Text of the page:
Colin Skellett OBE
Doctor of Laws
Tuesday 19 February 2019 - Orator: Professor Nishan Canagarajah
Colin Skellett is a leading light in the water industry, a successful business leader and a major figure in British public life. All these achievements after a very humble beginning, having been raised on a council estate in Nottingham – making him, I think, an inspiration to anyone who grew up without great privilege.
From the very outset he was determined to develop valuable skills that prepared him for diverse situations and challenges. He also gained from his mentors. He is thankful, for example, to his teacher Mr Atkins, whose guidance – or, more appropriately, punishments, in a method which would not be acceptable nowadays – involved beating him on the head every time he got something wrong. Colin decided he couldn’t take the punishment anymore and worked hard to scrape entry into the local grammar school.
No one from his family had even been to university, so Colin naturally felt he should get a job and left school at the age of 16 after completing his GCEs. He was very pleased when he got his first job as a trainee chemist at Nottingham sewage farm. Colin was in charge of all the false teeth that were found in the sewage farm – he had a box full of teeth and had the honour of handing them back to their respective owners, who it turned out had often accidently flushed them after a weekend night out.
Colin always had a thirst for knowledge and soon realised he needed to go to university or college to get a degree. Of course, if he did, he was to be the first one in his family to go to a university. He decided to continue his studies on a part-time basis, attending classes for a day and 3 nights per week. Although it was difficult for Colin to work and study, he successfully completed his course and moved to Newcastle to complete his graduate qualification. This unfortunately meant he had to give up his job. Colin was determined to finish his graduate work, although by now he had some other landmark achievements under his belt: he was married with two children! He was also the breadwinner in the family, so he did the obvious and got a job in the local bakery. This way he could look after his family and finance his studies at the same time.
Colin soon realised that he could not spend his whole life looking after false teeth or working in a bakery and decided to look for suitable jobs for a trained chemist. He saw an opening for a senior chemist in the Bath Water and Sewage Treatment departments, which turned out to be a pivotal moment in his life. It was an inauspicious start though; Colin miscalculated the distance from Newcastle and arrived three hours late for his job interview. Fortunately for him, they still interviewed him and offered him the job.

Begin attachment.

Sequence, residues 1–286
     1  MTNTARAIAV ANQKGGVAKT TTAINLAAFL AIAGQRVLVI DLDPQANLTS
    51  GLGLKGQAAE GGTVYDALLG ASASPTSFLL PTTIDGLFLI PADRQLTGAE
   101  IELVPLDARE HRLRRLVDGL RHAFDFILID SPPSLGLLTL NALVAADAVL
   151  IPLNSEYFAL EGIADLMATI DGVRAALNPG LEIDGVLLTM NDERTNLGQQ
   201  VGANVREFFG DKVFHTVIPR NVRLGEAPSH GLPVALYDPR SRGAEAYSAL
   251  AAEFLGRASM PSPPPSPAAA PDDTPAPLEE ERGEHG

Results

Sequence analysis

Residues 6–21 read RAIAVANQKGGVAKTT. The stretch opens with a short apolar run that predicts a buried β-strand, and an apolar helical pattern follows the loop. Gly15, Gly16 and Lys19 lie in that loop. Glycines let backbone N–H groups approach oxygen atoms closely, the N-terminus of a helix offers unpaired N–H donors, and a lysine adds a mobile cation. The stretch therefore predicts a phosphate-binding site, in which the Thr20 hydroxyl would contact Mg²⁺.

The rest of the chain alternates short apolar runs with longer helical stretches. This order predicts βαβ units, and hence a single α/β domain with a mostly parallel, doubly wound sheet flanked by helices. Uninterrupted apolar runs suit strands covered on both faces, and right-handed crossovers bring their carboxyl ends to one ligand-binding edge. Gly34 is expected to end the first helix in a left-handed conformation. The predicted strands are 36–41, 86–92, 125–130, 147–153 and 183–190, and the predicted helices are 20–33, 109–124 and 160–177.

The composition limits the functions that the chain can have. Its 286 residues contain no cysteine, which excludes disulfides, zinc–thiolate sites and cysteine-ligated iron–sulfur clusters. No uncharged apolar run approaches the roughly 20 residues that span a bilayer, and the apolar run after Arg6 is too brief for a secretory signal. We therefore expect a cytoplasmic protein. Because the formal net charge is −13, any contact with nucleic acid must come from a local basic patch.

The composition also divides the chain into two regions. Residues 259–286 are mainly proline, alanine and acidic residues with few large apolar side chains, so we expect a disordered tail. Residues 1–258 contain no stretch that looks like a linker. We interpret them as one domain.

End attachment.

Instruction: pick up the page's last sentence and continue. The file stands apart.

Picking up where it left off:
He joined the company at an interesting juncture, as the industry was being reorganised into regional water authorities. To his surprise, he managed to get a middle management role. Colin is not one for giving up easily or taking no for an answer. He was in middle management when Wessex Water advertised for a new Chief Executive. Colin was interested in the role, but his Director of HR told him not to bother with the application as the Board was looking for an external candidate. This didn’t go do down well with Colin. He went ahead with his application and was eventually successful. Under his leadership, Wessex Water became one of the UK’s largest waste and recycling businesses. This success got worldwide attention and Wessex Water was acquired by Enron. Colin used to go to Houston once a month and enjoyed his trips on Concorde so much that he bought the airfield! However, his relationship with his Enron bosses was not so cordial and Colin was relieved when Enron collapsed. He was able to retain his job as CEO and is now the longest-serving Chief Executive in the water industry, and the only one still serving since privatisation.
Colin attributes his success to his single-mindedness and his ability to work with people. He doesn’t like it when someone says something is difficult; this only encourages him to take on the challenge. He acknowledges the contributions of the great many people he has worked with and was modest enough to tell me that he is good at implementing great ideas from other people. Colin epitomises the quality of great leaders who are not only good technically, but also good at getting along with people and being a team player.
Colin’s passion did not stop with Wessex Water. He is committed to business involvement within the public sector. Over the years he has chaired the Bristol Chamber of Commerce and served on the Board of the Regional Development Agency, and he was the founding Chair of the West of England Local Enterprise Partnership for five years. I had the privilege of getting to know Colin when he was the chair of the Local Enterprise partnership. His skills in navigating challenging issues, with business leaders with diverse interests and politicians with their own complex needs, has been immensely valuable for the region. During his tenure, he raised the profile of the West of England region in Whitehall, which has resulted in significant investment here. Colin is a strong advocate for business leaders engaging in public life and helped shape public discourse and create opportunities for all sections of our society. As Chair of Governors for Merchants’ Academy, Colin was instrumental in setting up a Ventures Trust Autism School which has created many opportunities for children from deprived parts of Bristol. In 2012, he was awarded an OBE for service to business and charity.
Graduates and honoured guests, you see on stage a man who is committed to excellence in his business, but who also demonstrates deep social conscience to do good for society. Deputy Vice-Chancellor, I present to you Colin Skellett, as eminently worthy of Doctor of Laws honoris causa.